Placentia-Yorba Linda Unified Will Consider a Parental Notification Policy

Placentia-Yorba Linda Unified School District is the next California district to discuss a parental notification policy.

While several districts in California have adopted in recent months policies to inform parents if their child may be transgender, the PYLUSD proposal — as it’s written for the Tuesday, Oct. 10 meeting — does not specifically mention gender identity.

As the policy is written, a designated school counselor would notify a student’s family within 24 hours if they have a “reasonable cause to believe that an action of a student will avert a clear and present danger to the health, safety, or welfare of the student and others around them.”

“Due to the current nationwide mental health crisis exacerbated by the global pandemic, the Placentia-Yorba Linda Unified School District recognizes the need for frequent, ongoing and oftentimes immediate communication between school administration, staff, and parents/guardians,” the policy says. “Furthermore, with reports of depression, anxiety and suicide rates at an all-time high among public school students, action is needed to address this emerging crisis and support the health and welfare of district students.”

The agenda for Tuesday’s meeting says the policy comes at the request of Superintendent Alex Cherniss.

When asked if it is written broad enough to include notifying a parent if a student may be transgender, Cherniss said: “The policy speaks for itself and covers all matters related to parental notification.” He did not respond to questions asking to clarify further.

“The Placentia-Yorba Linda Unified School District Board of Education strives to foster trust and communication between the District and the parent(s)/guardian(s) of its students,” the policy reads. “To that end, the Board supports the fundamental rights of parent(s)/guardian(s) to direct the care and upbringing of their children, including the right to be informed of and involved in their child’s education to promote positive educational outcomes.”

Through the policy, the district says it intends to include parents in “the decision-making process for mental health and social-emotional issues of their children arising at school at the earliest possible time in order to prevent or reduce potential instances of harm to self or others as well as promote communication and positive relationships.”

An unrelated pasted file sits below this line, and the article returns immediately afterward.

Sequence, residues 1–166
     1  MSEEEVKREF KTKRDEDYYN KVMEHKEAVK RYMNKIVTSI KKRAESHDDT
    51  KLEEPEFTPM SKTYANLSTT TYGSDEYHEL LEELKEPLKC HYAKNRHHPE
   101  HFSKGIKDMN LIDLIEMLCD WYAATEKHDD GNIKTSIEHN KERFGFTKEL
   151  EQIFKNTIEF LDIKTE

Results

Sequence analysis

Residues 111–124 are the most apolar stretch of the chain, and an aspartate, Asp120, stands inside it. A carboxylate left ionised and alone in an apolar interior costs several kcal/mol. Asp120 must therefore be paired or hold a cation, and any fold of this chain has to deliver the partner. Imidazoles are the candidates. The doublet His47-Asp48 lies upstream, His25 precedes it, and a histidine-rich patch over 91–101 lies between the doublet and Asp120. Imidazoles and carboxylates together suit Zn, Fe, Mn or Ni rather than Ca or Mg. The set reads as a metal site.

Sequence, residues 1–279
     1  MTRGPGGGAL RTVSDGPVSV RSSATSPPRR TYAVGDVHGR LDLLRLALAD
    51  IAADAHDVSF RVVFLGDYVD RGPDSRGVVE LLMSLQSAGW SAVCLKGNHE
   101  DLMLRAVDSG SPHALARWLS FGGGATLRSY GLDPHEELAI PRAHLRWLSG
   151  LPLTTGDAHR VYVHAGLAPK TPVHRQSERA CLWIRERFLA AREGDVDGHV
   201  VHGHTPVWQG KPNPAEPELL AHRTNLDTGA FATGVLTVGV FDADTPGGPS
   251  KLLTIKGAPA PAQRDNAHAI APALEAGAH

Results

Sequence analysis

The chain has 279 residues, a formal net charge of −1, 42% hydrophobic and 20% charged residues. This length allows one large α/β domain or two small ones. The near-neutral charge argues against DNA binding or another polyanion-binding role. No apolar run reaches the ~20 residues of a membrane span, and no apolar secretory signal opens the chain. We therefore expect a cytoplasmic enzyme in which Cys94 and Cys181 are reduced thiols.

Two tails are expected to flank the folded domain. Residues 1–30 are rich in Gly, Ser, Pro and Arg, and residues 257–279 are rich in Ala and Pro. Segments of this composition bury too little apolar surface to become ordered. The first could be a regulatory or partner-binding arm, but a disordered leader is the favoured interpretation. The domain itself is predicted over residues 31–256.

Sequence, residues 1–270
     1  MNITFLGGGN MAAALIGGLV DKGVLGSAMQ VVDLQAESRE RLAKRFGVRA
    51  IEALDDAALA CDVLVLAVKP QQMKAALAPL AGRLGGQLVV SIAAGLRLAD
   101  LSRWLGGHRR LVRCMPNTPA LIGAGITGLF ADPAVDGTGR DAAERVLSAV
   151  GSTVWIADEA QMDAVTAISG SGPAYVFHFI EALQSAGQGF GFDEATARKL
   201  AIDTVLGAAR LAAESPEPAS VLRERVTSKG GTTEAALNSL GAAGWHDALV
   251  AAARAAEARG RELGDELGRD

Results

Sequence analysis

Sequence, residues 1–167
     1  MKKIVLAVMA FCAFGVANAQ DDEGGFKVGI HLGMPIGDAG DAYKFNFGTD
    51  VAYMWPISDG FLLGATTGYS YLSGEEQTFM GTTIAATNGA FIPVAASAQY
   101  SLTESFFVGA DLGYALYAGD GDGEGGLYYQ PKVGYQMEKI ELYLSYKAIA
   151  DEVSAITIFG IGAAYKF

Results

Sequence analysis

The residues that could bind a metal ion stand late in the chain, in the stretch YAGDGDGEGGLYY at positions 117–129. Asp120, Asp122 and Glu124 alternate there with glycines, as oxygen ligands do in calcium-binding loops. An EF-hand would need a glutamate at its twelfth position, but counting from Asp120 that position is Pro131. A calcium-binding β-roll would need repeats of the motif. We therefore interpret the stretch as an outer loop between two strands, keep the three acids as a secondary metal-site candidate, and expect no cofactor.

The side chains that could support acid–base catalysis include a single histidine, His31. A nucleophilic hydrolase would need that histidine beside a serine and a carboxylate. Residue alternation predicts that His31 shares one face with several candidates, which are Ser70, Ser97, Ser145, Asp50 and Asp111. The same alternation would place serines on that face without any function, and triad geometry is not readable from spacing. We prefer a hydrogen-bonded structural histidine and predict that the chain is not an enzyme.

PYLUSD board members did not respond to requests for comment Monday afternoon.

Several districts across California have adopted what’s been called parental notification policies in recent months. These guidelines stipulate that parents would be informed if their child requests to use different names or pronouns or wishes to change sex-segregated programs such as athletic teams or changing facilities that differ from the student’s assigned biological sex at birth.

Last month, Orange Unified became the first district in Orange County to adopt such a policy.

There, the policy requires a certificated staff member or principal to inform parents if their child, who is under the age of 12, requests to use different names or pronouns or asks to change sex-segregated programs. If the student is older, it is up to the discretion of a school counselor or psychologist to decide if it is appropriate to report the information to the family.

Multiple districts across California — including Murrieta Valley UnifiedChino Valley Unified and Temecula Valley Unified — have recently adopted similar policies. And on Oct. 18, Capistrano Unified is set to consider a similar proposal.

Attorney General Rob Bonta sued Chino Valley in August to stop enforcement of the policy. Bonta said it “presents students with a terrible choice. Either walk back your rights to gender identity and gender expression to be yourself (and) to be who you are or face the risk of serious harm — mental harm, emotional harm, physical harm.”

Click here to read the full article in the OC Register

No Education without Representation: how special interests are robbing our students’ futures

The U.S. Education Department’s National Center for Educational Statistics on Tuesday released what it calls the Nation’s Report Card. The compilation of student test scores nationwide reflected a 1 percent improvement by fourth- and eighth-graders in mathematics but essentially no improvement in reading proficiency.

While the tiny improvement in math marks the highest scores in the history of the test, what makes the results troubling is that only 40 percent of fourth-graders and barely 35 percent of eighth-graders tested proficient in math and roughly one-third proficient in reading.

Shortly after the release of the Nation’s Report Card, Michelle Rhee, an education reformer and former head of the public schools in the District of Columbia, called me to discuss the state of education in the United States and what ought to be done to improve public schools. Rhee made headlines for her tough, data-driven approaches to education reform and battles against teachers unions in D.C. which eventually led to her resignation after unions spent significant resources to unseat Mayor Adrian Fenty, who hired Rhee. Rhee also was featured in the acclaimed education reform documentary “Waiting for ‘Superman.'”

(Read Full Story)

(Brian Calle is an Opinion Columnist and Blogger for the Orange County Register. His blog is called Uncommon Ground.)